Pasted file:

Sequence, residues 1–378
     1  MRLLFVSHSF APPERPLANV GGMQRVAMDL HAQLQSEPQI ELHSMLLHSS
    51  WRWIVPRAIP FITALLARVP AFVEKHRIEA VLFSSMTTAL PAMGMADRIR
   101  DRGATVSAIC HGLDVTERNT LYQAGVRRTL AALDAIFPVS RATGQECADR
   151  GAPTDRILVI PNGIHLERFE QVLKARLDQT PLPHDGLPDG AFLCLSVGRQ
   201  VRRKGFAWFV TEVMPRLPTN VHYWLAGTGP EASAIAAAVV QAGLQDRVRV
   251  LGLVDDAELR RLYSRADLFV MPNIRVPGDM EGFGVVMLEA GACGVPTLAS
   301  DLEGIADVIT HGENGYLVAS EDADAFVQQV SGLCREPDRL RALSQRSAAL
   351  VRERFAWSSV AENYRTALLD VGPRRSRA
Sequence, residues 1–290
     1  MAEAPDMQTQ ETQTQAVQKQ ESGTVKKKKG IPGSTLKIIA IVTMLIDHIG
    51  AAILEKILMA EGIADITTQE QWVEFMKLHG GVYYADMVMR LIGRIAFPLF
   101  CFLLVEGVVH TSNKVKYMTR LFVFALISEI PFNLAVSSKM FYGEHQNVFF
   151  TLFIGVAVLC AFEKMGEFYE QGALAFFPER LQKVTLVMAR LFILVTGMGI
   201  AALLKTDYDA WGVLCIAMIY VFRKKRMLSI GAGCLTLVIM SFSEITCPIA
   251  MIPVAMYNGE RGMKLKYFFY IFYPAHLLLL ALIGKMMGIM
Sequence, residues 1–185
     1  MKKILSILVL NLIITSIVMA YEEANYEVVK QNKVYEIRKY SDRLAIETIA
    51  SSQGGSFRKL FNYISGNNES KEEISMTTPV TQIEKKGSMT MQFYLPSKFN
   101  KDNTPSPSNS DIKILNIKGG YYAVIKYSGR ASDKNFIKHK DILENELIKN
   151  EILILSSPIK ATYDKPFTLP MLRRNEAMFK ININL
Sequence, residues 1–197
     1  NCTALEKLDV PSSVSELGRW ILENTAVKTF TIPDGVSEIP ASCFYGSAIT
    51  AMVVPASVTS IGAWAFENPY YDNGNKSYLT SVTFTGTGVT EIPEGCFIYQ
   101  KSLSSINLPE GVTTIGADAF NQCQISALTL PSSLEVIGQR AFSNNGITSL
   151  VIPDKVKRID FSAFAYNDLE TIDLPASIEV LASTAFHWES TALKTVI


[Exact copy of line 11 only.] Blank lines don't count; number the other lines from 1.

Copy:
     1  MAEAPDMQTQ ETQTQAVQKQ ESGTVKKKKG IPGSTLKIIA IVTMLIDHIG